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    Raising Fit Kids: Healthy Nurtition, Exercise, and Weight

      This content is selected and controlled by WebMD's editorial staff in collaboration with Sanford Health Systems.

    When you were a kid, did you camp out on the couch with your siblings and fight over what show you’d watch on the family TV? Today, your kids have decidedly fewer limits when it comes to controlling a screen. They can watch many at once, and carry them wherever they go.

    As amazing as the technology is, your child can benefit from less time with it. Outside of homework, school-aged kids should spend no more than an hour or two with a screen every day, according to the American Academy of Pediatrics.

    “There are a lot of potential harmful effects of screen time on kids, from newborns up to late adolescents and even young adults,” says Craig Anderson, PhD, distinguished professor of psychology at Iowa State University.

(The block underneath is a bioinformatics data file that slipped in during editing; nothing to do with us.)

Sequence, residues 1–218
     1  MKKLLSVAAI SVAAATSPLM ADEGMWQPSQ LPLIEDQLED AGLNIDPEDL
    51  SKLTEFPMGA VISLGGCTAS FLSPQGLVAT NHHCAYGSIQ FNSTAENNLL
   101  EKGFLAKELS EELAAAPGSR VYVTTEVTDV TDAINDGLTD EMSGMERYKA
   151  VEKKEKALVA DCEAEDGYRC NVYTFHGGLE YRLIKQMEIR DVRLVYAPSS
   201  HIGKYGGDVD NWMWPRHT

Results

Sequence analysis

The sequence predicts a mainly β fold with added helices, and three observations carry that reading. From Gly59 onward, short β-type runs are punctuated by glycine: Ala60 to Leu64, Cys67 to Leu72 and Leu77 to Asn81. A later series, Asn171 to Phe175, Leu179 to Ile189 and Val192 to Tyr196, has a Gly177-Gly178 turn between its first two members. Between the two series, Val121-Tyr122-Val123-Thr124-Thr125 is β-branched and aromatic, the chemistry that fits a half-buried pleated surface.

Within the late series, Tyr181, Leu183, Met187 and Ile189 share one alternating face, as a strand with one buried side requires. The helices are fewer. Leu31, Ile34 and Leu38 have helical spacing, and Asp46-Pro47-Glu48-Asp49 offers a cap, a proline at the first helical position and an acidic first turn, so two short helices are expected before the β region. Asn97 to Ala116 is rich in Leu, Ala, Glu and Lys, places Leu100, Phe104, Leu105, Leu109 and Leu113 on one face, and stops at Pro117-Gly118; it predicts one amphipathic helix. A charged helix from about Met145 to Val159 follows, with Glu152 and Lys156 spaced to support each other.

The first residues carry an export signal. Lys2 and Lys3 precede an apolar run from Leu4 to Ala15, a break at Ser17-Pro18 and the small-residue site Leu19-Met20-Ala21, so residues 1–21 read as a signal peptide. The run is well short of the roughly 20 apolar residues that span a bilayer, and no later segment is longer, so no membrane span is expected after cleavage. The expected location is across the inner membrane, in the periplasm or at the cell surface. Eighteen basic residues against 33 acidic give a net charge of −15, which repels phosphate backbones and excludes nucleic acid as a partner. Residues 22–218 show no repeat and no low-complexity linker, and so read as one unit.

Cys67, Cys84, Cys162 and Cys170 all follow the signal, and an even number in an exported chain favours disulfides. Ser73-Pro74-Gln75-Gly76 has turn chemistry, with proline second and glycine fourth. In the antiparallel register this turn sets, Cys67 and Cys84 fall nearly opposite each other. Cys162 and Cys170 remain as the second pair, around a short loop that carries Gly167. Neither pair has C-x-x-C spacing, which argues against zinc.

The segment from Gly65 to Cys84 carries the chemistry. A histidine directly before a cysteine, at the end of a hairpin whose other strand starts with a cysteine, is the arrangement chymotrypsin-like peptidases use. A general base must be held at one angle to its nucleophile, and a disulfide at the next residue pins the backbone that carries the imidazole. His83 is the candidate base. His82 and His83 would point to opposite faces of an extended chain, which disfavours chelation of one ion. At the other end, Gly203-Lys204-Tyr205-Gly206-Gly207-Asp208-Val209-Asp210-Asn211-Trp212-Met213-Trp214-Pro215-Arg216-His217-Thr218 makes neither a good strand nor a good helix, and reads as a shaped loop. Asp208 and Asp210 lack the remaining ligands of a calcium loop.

When kids watch a lot of fast-paced shows that switch quickly from scene to scene, they may later have trouble when they need to focus in the classroom, Anderson says.

    Kids who spend too much time in front of a screen can have other problems, too, like too little sleep or too much weight gain, says David Hill, MD, chairman of the American Academy of Pediatrics Council on Communications and Media.

    Plus, he says, kids who watch TV and play video games for hours each day may miss out on face-to-face opportunities to learn, time to play outside, and connections with friends. “Our greatest question should be, 'What is this screen time displacing?'” he says.

    How to Make the Cut

    With screens everywhere, it may seem even harder to cut down on a child’s time with them. But limits are worth it. Try these tips to pry them off those devices -- at least, for a little while.

    1. Don’t give your kids their own tablet or smartphone. “Interact with your children. Do that instead of handing them an electronic device,” says Steven Gortmaker, PhD, professor of the practice of health sociology at Harvard T.H. Chan School of Public Health.

    2. Make computers and TVs stay in the shared spaces of your home. When your kids use screens in the kitchen or living room, it’s easier to keep an eye on the shows they watch, the games they play, and the websites they’re on.


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